As I may have mentioned in previous posts, I’m rarely the most likely candidate for flashy, memorable moves. Trying to take the solid route in any competitive play (even online blitz) often entails a waiting game. The answer to the following puzzle, however, may be a step in the more exciting direction.
Unfortunately, the following is not from a tournament game (it’s from a 3-minute game against another National Master), and yes, Black is utterly winning after several moves, but can you find a quick way to finish off White?
A brief analysis of the short game follows to avoid leaking the answer prematurely. Enjoy!
e4Najdorf – blitzcopter, Chess.com
1. e4 e5 2. Bc4 Nf6 3. Bc4?! Nxe4 4. Bxf7+ Kxf7 5. Nxe4 d5
White’s third move is dubious as it allows Black to attempt the well-documented “fork trick.” Understandably, White tries to avoid this by making Black’s king slightly uncomfortable, but this is more than compensated by Black’s strong pawn center.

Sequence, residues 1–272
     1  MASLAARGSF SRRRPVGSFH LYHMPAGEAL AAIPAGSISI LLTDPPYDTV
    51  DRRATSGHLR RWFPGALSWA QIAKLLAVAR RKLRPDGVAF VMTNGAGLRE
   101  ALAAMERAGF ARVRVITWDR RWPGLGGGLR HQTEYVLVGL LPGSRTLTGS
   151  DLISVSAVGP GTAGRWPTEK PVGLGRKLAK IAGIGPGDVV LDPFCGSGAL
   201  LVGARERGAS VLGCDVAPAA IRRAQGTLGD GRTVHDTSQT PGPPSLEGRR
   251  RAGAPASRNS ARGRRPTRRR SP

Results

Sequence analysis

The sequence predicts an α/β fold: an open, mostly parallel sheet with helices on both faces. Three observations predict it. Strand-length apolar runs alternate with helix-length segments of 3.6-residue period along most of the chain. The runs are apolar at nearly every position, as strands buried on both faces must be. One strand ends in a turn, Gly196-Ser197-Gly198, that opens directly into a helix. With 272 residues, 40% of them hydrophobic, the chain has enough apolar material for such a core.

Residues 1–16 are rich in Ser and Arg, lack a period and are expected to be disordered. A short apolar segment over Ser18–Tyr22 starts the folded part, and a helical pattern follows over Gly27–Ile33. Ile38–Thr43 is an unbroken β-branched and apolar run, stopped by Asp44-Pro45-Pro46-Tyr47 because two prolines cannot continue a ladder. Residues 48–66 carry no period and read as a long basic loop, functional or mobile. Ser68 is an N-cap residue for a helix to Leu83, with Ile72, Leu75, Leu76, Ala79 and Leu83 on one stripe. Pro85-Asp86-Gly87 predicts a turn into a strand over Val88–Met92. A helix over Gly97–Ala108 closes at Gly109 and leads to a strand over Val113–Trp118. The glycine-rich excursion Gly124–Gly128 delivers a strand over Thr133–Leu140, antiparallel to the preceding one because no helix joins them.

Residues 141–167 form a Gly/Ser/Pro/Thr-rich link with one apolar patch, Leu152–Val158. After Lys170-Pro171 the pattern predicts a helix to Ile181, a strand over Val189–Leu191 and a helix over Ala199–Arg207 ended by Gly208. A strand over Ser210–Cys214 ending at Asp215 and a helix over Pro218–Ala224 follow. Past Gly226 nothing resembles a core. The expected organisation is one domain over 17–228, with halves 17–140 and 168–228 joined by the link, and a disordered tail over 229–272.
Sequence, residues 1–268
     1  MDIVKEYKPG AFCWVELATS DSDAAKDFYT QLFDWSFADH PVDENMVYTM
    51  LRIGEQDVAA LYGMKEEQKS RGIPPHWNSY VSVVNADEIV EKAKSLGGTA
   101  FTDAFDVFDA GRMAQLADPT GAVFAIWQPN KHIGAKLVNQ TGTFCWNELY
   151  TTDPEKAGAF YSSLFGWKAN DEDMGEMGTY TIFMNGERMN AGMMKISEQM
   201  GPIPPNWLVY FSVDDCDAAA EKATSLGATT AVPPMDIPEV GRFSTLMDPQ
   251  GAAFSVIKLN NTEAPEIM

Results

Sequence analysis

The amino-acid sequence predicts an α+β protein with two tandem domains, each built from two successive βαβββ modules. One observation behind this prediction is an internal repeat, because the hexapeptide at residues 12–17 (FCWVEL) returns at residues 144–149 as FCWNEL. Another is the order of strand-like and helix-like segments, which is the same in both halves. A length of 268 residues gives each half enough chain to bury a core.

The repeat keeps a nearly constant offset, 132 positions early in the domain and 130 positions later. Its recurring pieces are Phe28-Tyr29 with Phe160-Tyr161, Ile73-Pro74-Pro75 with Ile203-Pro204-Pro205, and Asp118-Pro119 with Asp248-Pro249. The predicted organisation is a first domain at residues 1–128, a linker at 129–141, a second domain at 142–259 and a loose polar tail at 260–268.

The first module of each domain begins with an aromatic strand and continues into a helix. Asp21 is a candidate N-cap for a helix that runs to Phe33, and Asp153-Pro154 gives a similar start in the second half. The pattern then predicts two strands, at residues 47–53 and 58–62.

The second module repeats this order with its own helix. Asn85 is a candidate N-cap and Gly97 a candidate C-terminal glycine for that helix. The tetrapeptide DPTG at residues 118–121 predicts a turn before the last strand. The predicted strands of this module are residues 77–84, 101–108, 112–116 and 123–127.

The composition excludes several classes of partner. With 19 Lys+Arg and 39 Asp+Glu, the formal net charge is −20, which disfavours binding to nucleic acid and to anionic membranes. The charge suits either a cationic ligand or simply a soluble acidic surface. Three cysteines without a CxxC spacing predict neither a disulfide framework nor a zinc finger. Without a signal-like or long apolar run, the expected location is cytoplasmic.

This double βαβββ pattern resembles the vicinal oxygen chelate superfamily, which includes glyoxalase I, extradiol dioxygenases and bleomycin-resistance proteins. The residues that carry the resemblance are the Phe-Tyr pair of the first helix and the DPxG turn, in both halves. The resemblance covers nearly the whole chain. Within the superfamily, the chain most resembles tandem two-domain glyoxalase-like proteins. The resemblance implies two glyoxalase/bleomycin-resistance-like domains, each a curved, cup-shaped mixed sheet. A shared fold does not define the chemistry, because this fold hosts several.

6. Ng3 g6 7. d4 Bg7 8. Nf3 Re8 9. dxe5 Nc6 10. O-O Nxe5
This actually looks reasonable for White, so perhaps I slipped (what can I say; it was a 3-minute game). White goes astray very quickly soon after, however.
11. Ng5+?! Kg8 12. f4? Bg4 13. Nf3
After this, White’s pawn structure is wrecked, but it was already hard to suggest moves, as 13. Qd2 Nc4 is very uncomfortable.
13…Nxf3+ 14. gxf3 Bh3 15. Re1 c6 16. c3 Qb6+ 17. Kh1 Qf2 18. Rg1
…giving the same position as in the opening diagram. After one move, White is essentially mated.
Taking on e1 with either piece (and other moves) leads to mate on f3/g2; other than the frivolous 19. Nf1 and 19. Qxd5+, White has no way to delay mate. That’s flashy enough for me.